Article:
Impact of oil spills on mangroves off Mumbai and Raigad coast


The Bombay Natural History Society (BNHS) in a project funded by the MOEF carried out a study on the impact of oil spills on mangroves off Mumbai and Raigad coast during the period August 2010-October 2011. On August 9th 2010 two ships collided off shore near Uran resulting in a spill estimated at 400-500 tons of fuel oil.

With a view to access the oil spill pollution and its effect on mangrove cover a comprehensive assessment survey was undertaken in Mumbai and its adjacent coastal areas. During numerous visits soil samples were collected and analyzed for oil and grease content, along with phonological observations, and studies to access the seedling survival rate. The report details the effect of the oil spill on the fragile ecosystem, estimating the total area affected by the oil spill to be 1273.24ha. The oil spill caused by the MSC Chitra and the MV Khalija was supplemented by two subsequent incidents, the sinking of the MV RAC on 4th August 2011 and rapture of the Uran crude oil pipeline in January 2011, resulting in a significant hike in the oil content during these periods.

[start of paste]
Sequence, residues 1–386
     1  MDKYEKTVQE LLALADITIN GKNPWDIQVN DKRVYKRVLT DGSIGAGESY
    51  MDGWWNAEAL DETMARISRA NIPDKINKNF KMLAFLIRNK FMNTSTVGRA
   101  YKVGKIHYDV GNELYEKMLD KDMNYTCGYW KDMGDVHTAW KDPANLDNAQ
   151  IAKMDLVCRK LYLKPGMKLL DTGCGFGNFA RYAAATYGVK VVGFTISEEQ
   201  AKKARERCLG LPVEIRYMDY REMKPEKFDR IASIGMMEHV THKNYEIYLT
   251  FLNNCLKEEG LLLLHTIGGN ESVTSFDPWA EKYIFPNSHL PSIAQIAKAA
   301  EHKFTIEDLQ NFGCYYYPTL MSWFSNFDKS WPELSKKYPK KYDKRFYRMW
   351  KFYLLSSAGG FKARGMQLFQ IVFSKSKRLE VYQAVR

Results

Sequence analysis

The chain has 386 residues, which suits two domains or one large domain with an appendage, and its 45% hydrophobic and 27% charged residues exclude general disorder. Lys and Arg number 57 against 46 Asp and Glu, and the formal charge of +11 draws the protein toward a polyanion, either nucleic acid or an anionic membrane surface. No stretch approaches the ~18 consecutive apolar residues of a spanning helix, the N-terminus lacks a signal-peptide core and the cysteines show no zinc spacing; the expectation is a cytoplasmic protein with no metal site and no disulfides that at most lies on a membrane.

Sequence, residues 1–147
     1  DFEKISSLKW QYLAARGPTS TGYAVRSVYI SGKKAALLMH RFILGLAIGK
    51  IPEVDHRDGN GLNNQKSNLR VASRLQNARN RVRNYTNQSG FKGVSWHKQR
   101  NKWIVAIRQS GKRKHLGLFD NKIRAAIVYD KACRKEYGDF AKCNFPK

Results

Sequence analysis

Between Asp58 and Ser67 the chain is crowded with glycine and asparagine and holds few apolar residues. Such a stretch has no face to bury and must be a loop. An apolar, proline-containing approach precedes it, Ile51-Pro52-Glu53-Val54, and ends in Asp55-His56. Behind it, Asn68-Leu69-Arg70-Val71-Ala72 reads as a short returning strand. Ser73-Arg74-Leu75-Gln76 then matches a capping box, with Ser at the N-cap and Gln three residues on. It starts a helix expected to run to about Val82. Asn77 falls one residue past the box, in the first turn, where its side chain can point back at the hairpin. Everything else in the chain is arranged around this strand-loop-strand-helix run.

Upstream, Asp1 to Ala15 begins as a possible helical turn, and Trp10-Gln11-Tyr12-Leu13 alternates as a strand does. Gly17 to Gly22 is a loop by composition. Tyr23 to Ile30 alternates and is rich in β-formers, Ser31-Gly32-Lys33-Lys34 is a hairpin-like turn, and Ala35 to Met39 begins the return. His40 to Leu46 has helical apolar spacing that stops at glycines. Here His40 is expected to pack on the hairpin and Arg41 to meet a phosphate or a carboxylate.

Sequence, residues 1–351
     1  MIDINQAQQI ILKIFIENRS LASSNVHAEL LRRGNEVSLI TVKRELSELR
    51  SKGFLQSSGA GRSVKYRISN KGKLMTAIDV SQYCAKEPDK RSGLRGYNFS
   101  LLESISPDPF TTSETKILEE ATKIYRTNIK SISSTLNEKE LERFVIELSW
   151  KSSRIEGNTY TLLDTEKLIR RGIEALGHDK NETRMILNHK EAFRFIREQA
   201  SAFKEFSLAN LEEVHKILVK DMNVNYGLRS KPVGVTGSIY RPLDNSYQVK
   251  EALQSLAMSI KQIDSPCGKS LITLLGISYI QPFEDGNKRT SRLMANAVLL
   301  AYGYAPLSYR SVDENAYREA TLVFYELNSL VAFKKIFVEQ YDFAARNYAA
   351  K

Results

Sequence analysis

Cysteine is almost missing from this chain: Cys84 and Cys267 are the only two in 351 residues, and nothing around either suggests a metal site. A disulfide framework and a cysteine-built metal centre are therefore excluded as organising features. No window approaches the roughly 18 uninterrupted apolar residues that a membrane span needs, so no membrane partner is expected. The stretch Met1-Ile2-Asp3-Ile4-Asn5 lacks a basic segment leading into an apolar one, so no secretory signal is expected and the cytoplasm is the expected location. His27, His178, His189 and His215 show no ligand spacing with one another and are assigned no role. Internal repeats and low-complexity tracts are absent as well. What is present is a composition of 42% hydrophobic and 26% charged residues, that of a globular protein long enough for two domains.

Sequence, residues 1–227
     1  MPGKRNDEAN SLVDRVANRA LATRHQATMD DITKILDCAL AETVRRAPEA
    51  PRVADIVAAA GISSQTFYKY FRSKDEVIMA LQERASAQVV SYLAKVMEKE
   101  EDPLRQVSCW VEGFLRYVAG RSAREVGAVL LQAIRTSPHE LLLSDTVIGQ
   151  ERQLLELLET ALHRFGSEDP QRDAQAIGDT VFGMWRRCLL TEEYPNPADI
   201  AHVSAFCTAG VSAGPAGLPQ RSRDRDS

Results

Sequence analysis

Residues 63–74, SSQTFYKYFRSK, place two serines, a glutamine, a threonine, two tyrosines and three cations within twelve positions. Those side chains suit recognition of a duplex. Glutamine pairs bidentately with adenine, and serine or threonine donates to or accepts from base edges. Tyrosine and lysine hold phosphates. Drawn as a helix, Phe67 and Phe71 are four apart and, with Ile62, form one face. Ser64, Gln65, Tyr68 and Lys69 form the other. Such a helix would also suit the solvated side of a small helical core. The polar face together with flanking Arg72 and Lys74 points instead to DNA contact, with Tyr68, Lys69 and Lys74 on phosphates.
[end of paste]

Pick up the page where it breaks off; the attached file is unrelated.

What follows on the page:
Following the oil spill In August it was observed that dwarf mangroves and saplings which were totally drenched in oil slicks had shed their leaves and eventually died. At Vashi 5 places out of 11 showed disappearances of seedlings, on the other hand Shewri showed no establishment of seedlings for which a high level of pollution can be accounted for. At Navi Nagar, Gharapuri and Uran these spills caused death of young patches of ‘Avicennia Marina’, the mature ones however suffered minimal damage.
The assessment thus infers that repetitive oil spills directly hamper the recruitment of seedlings which may endanger the entire mangrove population on affected coasts. It is highly unfortunate that the Mumbai coast is exposed to various anthropogenic perturbations including oil spills, the effects visible in the form of tar balls especially in the pre monsoon season. A number of previous studies surrounding Bombay and Thane creek record a substantial amount of petroleum hydrocarbon from the water and sediment samples along with bioaccumulation in some creatures.(Nikam et al 2008, Kadam 2009)

The observations made show symptoms of partial recovery of ecological functioning although anthropogenic interference is persistent in various ways. The report concludes calling for an additional 5years of robust monitoring which is essential to predict the ecological consequences of oil spills. The base data has unambiguously  concluded that mangrove regeneration has been severly affected due to oil spills caused by Khalija, and Chitra as well as the RAC and pipeline leakages at most of the sites under study.

Reference: Study of impact of oil spills on Mangroves off Mumbai and Raigad coast by the Bombay Natural History Society.




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